Just create your pager object as you would with Data::Pageset adding link_format => '<a href="#">%a</a>' to the constructor, the html method then eliminates all that redundant paging html.

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Easy Access to Your Minicpan Repository May 26, 2009

I am a big fan of CPANPLUS and minicpan. I like the plugin structure and power of CPANPLUS. ([Warning: shameless plug follows] I have written a simple plugin that allows you to see/install the prereqs for an module with commands like cpanp /prereqs show or cpanp /prereqs install.) And minicpan is great for getting work done on an airplane or when I am away from the net.

One thing I have struggle with in the past is getting cpanp to use either my local minicpan mirror or another mirror other than my default. Editing the config file is not that hard, but it is far to permanent for what I am trying to do. So I wrote two simple scripts (basically tweaked versions of /usr/bin/cpanp) that change the mirror to my local minicpan or a mirror passed on the command line: cpanp-local and cpanp-mirror. Both could be significantly improved, documented and they should probably be combined, but they get the job done.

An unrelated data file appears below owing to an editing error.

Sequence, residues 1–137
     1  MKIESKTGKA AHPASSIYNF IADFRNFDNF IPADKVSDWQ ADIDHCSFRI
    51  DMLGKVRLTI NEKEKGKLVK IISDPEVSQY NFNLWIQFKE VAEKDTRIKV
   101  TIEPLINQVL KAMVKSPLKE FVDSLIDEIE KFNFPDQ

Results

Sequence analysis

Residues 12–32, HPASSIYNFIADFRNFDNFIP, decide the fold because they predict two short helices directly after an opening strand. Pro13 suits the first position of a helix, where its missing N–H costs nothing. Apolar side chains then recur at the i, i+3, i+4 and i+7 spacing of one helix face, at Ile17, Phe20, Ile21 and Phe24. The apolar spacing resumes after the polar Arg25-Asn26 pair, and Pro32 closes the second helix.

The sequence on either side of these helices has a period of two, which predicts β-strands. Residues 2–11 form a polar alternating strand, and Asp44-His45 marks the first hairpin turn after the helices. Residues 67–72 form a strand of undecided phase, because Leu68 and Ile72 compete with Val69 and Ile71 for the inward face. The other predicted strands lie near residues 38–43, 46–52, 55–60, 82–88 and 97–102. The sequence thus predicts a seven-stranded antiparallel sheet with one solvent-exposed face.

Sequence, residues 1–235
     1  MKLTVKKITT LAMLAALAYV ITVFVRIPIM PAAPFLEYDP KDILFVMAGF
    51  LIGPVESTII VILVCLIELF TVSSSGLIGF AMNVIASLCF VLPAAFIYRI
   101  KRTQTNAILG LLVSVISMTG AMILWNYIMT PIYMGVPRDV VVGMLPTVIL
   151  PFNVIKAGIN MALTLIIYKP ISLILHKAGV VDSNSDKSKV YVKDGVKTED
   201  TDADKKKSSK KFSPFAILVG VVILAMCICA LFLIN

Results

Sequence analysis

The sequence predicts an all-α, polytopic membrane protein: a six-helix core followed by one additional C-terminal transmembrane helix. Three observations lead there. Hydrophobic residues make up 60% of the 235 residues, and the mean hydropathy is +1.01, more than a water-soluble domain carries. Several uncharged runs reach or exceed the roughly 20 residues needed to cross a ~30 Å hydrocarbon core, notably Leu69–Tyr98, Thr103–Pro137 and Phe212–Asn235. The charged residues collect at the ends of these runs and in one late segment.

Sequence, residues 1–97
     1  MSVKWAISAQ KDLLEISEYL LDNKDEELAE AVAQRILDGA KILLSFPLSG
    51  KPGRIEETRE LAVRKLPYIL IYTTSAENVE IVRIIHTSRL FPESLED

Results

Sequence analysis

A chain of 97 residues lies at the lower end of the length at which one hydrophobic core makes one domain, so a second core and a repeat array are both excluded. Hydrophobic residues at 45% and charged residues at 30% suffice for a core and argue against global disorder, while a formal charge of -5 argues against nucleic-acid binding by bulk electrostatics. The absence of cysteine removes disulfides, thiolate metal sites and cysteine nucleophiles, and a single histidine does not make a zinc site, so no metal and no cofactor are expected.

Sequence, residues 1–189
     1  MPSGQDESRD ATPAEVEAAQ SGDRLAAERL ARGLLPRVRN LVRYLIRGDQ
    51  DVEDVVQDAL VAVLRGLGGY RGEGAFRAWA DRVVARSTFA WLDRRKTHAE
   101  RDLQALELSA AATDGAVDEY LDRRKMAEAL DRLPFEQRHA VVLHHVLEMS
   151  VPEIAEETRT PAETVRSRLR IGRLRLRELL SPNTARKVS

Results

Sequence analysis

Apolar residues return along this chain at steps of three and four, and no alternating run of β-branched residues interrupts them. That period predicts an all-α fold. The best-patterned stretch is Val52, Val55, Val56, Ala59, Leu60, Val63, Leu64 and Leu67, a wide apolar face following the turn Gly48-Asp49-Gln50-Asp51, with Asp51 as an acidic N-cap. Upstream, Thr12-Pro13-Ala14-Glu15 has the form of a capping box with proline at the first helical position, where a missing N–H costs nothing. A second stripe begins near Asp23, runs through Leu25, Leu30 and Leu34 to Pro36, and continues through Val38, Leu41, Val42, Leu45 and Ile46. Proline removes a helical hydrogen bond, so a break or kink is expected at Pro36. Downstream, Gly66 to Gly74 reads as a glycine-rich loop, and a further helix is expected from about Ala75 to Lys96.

Recovering After Vim Terminates May 19, 2009

When vim is shutdowns abnormally it leaves a bunch of .swp files around.1 Given the way I program (very iterative and test focused) those backups are rarely more current than the saved file. A great time saver to help with recovery is the vim DiffOrig command. After learning about it on StackOverflow, I put together the following bash script to find any swap files under the current directory, open each in vim, run DiffOrig and prompt to delete after you close vim.

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Facial Detection and Recongition in Perl May 05, 2009